Chapter 3 Tourist Mobility Is transport a necessary evil
Published: January 2018
Component type: chapter
Published in: Sustainable Value Creation in Hospitality
Parent DOI: 10.23912/9781911396376-3447
Tourism and hospitality create value for both consumers and providers of tourism and hospitality-related activities. Though current consumers and providers of tourist activities can appropriate this value in terms of respite, renewal, and happiness for consumers, and economic development, income and job generation for providers, future generations may well be prevented from being able to appropriate the same value (Becken, 2006; McKercher et al., 2010; Nawijn and Peeters, 2010; Jones, 2014). Climate change makes tourism and hospitality, as we currently know them, victims since global warming and loss of biodiversity threaten the attractiveness of many currently popular tourist locations. However, tourism and hospitality simultaneously contribute a relatively large extent to global greenhouse gas (GHG) emissions (Ram et al., 2013). A rough 5% of global GHG emissions were attributed to tourist activities, in a 2008 report by the United Nations World Tourism Organization (UNWTO). A large part of the tourism sector’s share in global GHG emissions comes as a result of tourist transport activities. Tourism and transport are inextricably linked. In the past few decades tourist mobility increased significantly for all transport modalities (airplane, coach, automobile, cruise ship, etc.) and this trend is predicted to continue even further. This poses serious threats for the global climate. Consequently an increasing number of both practitioners and scholars ponder on opportunities to provide tourists with the same value yet through different means. This chapter explores opportunities to engage tourism and hospitality in the transition to a global carbon-neutral society, with a focus on transport.
Tourist mobility has various effects on the natural environment other than climate change, such as loss of biodiversity, soil erosion, and water, air, and soil toxicity. This is a consequence of both the use and production of transport modalities and related infrastructure. The focus in this chapter is on GHG emissions and climate change. Though transport is not directly in the sphere of influence of hotels and other providers of tourism and hospitality-related activities, it is in their sphere of concern due to their dependency on tourist flows. It is therefore of great importance to include a discussion on tourist mobility in a book dedicated to sustainable value creation in hospitality. In exploring opportunities to make tourist mobility carbon-neutral, three pathways to achieving this are being discussed: 1) technological innovations, 2) behavioural change of tourists, and 3) institutional innovations (i.e. policy making). We find that technological innovations 1) will likely fall short in solving the sustainability issues. In order to address these challenges behavioural change 2) is needed. Yet, since large-scale behavioural change is unlikely to come voluntarily, 3) institutions need to be designed that prescribe people’s behaviour in more sustainable terms.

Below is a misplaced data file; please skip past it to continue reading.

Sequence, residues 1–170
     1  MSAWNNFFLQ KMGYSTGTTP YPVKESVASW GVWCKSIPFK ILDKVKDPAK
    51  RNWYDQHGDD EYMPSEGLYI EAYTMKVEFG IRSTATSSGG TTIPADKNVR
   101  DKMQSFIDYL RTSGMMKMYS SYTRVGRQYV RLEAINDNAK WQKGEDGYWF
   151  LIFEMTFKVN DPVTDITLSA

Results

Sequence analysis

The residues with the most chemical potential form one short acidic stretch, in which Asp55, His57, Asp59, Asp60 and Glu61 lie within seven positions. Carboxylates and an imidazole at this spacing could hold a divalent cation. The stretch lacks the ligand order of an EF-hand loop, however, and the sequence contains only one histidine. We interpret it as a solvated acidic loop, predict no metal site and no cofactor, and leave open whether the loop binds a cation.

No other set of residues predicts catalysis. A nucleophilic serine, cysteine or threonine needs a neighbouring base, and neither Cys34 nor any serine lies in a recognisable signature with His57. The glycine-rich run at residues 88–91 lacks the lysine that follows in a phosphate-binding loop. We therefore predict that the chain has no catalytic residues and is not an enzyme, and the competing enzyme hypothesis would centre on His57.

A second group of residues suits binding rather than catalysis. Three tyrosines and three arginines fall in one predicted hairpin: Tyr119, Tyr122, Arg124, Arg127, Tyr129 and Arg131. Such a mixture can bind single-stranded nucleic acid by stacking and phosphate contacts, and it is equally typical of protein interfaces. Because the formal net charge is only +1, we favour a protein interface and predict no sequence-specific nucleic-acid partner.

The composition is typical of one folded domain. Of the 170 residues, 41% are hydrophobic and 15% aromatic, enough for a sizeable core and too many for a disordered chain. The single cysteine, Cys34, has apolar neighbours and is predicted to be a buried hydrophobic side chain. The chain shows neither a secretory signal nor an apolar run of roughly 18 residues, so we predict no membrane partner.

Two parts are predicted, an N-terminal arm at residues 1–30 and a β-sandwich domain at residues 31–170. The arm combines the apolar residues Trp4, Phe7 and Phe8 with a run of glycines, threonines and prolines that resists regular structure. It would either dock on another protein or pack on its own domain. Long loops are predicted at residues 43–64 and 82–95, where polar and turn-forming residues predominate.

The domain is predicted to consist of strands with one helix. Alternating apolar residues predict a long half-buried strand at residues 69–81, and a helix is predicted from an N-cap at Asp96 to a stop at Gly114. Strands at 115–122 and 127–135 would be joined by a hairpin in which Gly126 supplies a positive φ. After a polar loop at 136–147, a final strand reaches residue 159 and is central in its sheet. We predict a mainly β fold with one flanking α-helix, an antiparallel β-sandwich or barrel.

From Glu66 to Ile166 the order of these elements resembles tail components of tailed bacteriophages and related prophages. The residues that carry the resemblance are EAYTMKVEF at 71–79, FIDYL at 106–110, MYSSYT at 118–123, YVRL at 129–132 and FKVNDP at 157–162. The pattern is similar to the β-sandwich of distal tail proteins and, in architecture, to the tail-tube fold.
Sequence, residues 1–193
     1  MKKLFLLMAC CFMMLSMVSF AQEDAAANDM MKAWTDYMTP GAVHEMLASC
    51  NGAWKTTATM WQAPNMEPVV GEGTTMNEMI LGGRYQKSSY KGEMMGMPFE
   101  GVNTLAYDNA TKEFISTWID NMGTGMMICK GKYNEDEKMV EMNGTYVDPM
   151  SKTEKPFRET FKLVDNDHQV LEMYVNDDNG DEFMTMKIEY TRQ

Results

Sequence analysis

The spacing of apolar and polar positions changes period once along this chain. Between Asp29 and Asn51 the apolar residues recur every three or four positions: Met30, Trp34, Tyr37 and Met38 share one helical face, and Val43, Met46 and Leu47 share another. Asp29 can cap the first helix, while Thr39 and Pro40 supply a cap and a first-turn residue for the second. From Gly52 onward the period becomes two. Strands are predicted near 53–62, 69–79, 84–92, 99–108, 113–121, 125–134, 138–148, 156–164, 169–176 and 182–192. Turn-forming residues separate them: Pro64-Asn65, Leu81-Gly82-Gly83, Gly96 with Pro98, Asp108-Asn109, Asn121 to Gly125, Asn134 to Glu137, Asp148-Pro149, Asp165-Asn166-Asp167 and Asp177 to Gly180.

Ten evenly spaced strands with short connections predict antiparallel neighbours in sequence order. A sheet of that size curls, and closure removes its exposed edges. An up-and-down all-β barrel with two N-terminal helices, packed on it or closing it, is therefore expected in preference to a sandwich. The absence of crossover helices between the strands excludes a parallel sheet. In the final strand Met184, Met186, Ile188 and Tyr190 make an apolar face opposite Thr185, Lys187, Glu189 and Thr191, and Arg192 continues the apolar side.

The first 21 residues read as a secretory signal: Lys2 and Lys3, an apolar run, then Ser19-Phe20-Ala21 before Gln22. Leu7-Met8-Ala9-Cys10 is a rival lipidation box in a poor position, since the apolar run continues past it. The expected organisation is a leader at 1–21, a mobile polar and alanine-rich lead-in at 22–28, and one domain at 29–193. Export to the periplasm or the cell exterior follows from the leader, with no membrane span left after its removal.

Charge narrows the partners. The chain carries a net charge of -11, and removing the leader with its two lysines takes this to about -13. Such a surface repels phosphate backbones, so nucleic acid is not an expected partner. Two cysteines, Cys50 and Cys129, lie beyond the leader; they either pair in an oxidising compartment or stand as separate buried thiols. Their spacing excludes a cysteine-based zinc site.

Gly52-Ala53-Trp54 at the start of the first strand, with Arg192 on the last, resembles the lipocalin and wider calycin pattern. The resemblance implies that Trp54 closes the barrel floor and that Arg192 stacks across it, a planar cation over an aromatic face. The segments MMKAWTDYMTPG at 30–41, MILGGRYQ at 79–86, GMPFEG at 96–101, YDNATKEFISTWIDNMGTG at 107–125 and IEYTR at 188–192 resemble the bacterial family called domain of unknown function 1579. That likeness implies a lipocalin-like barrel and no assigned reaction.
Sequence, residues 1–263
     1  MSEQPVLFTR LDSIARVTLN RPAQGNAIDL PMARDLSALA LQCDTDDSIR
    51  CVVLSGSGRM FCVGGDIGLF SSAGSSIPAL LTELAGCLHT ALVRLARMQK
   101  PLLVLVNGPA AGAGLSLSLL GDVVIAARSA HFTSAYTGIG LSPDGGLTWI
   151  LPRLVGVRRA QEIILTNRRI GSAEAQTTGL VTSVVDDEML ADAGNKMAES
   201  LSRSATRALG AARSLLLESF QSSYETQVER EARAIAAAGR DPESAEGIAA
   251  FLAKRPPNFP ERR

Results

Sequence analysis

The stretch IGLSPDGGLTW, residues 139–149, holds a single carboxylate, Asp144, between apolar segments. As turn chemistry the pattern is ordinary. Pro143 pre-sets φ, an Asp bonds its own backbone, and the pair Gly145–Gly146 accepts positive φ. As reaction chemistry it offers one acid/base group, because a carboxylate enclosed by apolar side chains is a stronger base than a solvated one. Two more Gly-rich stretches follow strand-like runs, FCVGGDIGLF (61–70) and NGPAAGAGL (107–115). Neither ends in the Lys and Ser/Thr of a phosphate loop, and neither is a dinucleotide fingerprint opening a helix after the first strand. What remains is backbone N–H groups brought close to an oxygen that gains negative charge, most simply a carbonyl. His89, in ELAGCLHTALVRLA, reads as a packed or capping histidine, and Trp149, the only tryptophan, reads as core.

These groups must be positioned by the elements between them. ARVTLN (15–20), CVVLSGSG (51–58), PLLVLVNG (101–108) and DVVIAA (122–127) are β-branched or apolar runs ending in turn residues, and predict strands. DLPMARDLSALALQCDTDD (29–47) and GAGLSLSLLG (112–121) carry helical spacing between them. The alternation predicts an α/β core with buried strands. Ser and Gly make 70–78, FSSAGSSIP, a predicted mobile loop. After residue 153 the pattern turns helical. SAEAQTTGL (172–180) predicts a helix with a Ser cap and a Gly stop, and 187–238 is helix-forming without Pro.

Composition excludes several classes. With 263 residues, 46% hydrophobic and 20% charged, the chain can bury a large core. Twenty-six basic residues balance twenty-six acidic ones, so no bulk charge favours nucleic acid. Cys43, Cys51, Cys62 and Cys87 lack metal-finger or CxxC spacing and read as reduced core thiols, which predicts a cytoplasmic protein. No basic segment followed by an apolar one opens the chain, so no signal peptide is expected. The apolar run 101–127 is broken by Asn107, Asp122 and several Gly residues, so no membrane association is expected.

- Elena Cavagnaro, NHL Stenden University of Applied Sciences (Author) https://orcid.org/0000-0002-5347-2509
- Sarah Seidel, NHL Stenden University of Applied Sciences (Author) https://orcid.org/0000-0001-7023-5364
For the source title:
- Elena Cavagnaro, NHL Stenden University of Applied Sciences (Editor) https://orcid.org/0000-0002-5347-2509
Cavagnaro & Seidel, 2018
Cavagnaro, E. & Seidel, S. (2018) "Chapter 3 Tourist Mobility Is transport a necessary evil" In: Cavagnaro, E. (ed) . Oxford: Goodfellow Publishers http://dx.doi.org/10.23912/9781911396376-3853
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